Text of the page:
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For nearly a year, Fairfax County's Adult Detention Center has quietly helped pilot a far-reaching program designed to identify criminal illegal immigrants and assist the federal government in removing them from the United States.

For nearly a year, Fairfax County's Adult Detention Center has quietly helped pilot a far-reaching program designed to identify criminal illegal immigrants and assist the federal government in removing them from the United States.

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Washington Post | 02/22/10

From listening to the more vigorous critics of illegal immigration, our porous borders are a grave threat to safety. Not only can foreign terrorists sneak in to target us, but the most vicious criminals are free to walk in and inflict their worst on innocent Americans.

In xenophobic circles, this prospect induces stark terror. Fox News' Glenn Beck has decried an "illegal immigrant crime wave." A contributor to Patrick Buchanan's Web site asserts, "Every day, in the United States, thousands of illegal aliens unleash a reign of terror on Americans."

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Chicago Tribune | 02/21/10

"What is clear, however, is that the United States cannot fully rebuild a strong, robust economy on top of a broken immigration system," said Wendy Sefsaf of the Immigration Policy Center in Washington, D.C.

 

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Cap Code Times | 02/19/10

A federal program to identify and deport dangerous criminal immigrants has been routinely scooping up legal and unauthorized immigrants with little or no criminal history, according to a locally generated study released this week by the Immigration Policy Center in Washington.

According to the study, 57 percent of immigrants identified by the Criminal Alien Program in 2009 had no criminal convictions, up from 53 percent in 2008.

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The Statesman | 02/18/10

JUNEAU, Alaska (AP) - An immigration policy reform group says Alaska's foreign-born and minority populations have a growing presence in Alaska and its economy.

In a new publication, the Immigration Policy Center based in Washington, D.C., says one in 10 Alaskans are Asian or Latino, and those communities have more than $2 billion in buying power. It says the information comes from Census data and economic information from other research.

 

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Associated Press | 02/18/10

A new report by a University of Rhode Island professor concludes that remittances sent by foreign workers from the United States to their home countries “yield surprising benefits” to the U.S. economy, rebutting critics who say they are a drain because the money is not spent in the United States.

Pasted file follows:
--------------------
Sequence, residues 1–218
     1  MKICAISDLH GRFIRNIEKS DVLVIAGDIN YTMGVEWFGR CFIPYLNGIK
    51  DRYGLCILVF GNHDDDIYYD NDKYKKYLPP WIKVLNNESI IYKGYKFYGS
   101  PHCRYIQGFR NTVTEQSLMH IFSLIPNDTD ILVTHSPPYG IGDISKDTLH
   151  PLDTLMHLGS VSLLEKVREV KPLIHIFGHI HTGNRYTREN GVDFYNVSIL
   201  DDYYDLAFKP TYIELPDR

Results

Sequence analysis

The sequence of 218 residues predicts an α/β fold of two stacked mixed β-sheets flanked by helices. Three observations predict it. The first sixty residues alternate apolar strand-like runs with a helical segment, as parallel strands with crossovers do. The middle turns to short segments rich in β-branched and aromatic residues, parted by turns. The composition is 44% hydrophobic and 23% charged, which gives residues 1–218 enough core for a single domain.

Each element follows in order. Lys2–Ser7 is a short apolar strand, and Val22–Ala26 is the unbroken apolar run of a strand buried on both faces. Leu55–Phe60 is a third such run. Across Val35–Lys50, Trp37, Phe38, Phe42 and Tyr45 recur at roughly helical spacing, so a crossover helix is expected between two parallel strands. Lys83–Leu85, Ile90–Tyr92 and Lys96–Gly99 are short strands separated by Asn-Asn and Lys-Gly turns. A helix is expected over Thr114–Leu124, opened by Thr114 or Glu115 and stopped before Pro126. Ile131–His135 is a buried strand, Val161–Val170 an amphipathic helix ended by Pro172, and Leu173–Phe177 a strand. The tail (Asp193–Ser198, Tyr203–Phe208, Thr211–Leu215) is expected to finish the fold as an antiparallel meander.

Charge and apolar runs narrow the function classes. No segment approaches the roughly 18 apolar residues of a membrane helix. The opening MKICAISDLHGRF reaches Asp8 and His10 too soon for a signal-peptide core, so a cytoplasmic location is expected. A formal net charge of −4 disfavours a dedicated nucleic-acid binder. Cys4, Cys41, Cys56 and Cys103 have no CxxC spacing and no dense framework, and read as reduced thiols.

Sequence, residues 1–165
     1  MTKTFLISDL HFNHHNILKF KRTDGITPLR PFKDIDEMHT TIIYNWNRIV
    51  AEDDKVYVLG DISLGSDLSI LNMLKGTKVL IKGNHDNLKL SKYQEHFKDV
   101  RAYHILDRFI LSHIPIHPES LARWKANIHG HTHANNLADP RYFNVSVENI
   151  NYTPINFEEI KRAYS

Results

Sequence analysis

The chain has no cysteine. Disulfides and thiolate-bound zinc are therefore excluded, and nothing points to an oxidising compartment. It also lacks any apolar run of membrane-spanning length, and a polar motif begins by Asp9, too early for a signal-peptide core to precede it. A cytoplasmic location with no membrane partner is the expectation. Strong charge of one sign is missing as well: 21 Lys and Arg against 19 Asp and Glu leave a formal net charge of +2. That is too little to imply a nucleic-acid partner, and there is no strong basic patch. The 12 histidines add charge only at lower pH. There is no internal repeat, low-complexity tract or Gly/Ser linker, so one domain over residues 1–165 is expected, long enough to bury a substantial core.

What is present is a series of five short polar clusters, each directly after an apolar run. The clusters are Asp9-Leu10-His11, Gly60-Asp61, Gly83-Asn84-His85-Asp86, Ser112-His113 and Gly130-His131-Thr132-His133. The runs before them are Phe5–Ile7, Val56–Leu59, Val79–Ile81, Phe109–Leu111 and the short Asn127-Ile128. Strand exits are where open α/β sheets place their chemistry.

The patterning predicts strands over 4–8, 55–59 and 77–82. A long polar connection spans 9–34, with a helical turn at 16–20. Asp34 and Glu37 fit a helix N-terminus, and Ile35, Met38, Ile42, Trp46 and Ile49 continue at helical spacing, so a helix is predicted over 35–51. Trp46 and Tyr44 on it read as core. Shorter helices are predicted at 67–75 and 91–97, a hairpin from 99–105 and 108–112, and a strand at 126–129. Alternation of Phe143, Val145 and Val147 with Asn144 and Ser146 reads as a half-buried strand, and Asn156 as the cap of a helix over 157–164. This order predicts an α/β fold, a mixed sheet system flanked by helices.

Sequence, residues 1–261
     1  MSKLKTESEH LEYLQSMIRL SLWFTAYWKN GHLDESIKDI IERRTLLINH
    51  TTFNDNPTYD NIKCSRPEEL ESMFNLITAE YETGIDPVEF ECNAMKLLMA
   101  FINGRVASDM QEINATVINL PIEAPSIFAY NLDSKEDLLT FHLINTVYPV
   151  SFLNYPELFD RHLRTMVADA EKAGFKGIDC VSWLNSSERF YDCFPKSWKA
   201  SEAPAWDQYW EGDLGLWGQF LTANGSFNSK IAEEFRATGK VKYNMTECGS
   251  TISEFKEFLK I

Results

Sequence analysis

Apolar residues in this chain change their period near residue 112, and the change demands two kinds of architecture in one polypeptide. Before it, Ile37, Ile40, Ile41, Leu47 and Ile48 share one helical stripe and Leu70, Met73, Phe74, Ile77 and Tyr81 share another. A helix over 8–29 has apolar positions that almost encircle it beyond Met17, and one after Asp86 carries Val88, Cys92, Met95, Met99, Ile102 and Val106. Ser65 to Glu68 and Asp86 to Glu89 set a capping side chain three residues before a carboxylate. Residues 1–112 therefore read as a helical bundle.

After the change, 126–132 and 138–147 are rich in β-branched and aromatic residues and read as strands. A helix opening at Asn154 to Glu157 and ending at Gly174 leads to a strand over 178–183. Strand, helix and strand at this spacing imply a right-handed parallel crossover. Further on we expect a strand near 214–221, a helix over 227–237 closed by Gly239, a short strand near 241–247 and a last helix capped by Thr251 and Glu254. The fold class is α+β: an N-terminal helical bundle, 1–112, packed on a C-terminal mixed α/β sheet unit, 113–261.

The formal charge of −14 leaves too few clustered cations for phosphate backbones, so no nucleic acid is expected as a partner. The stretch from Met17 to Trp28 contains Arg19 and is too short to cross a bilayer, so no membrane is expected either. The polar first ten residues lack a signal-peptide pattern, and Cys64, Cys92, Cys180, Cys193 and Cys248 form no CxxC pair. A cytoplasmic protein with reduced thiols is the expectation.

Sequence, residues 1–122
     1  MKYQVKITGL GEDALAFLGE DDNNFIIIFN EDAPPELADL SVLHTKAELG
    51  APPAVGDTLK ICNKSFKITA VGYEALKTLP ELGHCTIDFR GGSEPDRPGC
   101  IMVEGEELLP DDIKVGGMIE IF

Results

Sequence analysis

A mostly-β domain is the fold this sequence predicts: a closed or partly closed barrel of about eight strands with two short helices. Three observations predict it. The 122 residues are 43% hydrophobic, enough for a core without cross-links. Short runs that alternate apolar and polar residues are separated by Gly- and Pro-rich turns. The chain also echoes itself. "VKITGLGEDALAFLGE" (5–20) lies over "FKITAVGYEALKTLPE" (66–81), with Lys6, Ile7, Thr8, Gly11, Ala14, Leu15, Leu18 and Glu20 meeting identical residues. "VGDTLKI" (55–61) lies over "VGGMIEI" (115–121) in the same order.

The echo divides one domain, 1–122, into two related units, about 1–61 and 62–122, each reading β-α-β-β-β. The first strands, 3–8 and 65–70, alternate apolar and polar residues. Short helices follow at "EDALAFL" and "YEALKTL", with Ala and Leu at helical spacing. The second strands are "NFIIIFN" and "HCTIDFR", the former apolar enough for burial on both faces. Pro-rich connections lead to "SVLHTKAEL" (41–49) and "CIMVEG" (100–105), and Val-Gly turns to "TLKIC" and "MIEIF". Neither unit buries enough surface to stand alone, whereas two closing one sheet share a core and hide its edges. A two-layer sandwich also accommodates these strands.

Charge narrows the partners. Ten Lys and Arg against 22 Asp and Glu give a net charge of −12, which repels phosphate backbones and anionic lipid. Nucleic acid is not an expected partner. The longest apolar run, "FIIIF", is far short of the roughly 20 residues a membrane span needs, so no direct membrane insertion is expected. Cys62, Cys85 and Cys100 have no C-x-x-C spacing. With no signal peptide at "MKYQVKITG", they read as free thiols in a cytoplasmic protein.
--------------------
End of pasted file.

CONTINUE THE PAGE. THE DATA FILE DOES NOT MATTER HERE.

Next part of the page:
The report, “Many Happy Returns: Remittances and their Impact,” by political science professor Kristin Johnson, was released Tuesday by the Immigration Policy Center, a nonpartisan research and policy arm of the American Immigration Council in Washington.

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The Providence Journal | 02/12/10

States like California with large immigration populations likely benefit from remittances abroad because of an increase demand in U.S. exports, a report released today shows.

The Immigration Policy Center released the report. The center is the search policy arm of the American Immigration Council in Washington D.C., whose mission is to shape the national conversation on immigration..

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The Desert Sun | 02/10/10

Comprehensive immigration reform made it into the State of the Union speech last week. The Middle East, a hardy annual, and indeed Northern Ireland, did not.

But President Obama's focus on reform during the lengthy address to both houses of Congress struck many observers as being little more than perfunctory.

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THE IRISH ECHO ONLINE | 02/03/10

WASHINGTON, D.C. – In the State of the Union Address last night, President Obama made clear his ongoing commitment to immigration reform noting “we should continue the work of fixing our broken immigration system – to secure our borders, enforce our laws, and ensure that everyone who plays by the rules can contribute to our economy and enrich our nation.” Some may continue to argue that immigration reform is too politically risky to move on this year and that we should focus instead on rebuilding our economy. However, comprehensive immigration reform is compatible with economic reform as it would generate needed economic growth, create jobs and increase tax contributions by ensuring that everyone working in the United States is doing so legally. In fact, immigration reform would allow us to take full advantage of the opportunities for economic growth that immigrants bring.

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Hispanic Online Magazine | 01/29/10

In his White House press briefing yesterday, Robert Gibbs seemed to suggest that President Obama would address the subject of immigration reform in his speech tonight. Why he would introduce such a polarizing topic into the already toxic atmosphere in Washington is unclear to me, but if, in fact, he does, I think it's safe to assume he won't be dwelling on it very long. The chances of getting an immigration-reform bill passed this year, which were iffy to begin with, faded to near black in the wake of the Massachusetts Special Election That Changed Everything. If the message from the Bay State was that the administration needs to focus on repairing an economy that has shed millions of jobs, it's hard to imagine selling the country on the need to legalize millions more workers. But that's not to say the administration won't try.

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Newsweek | 01/27/10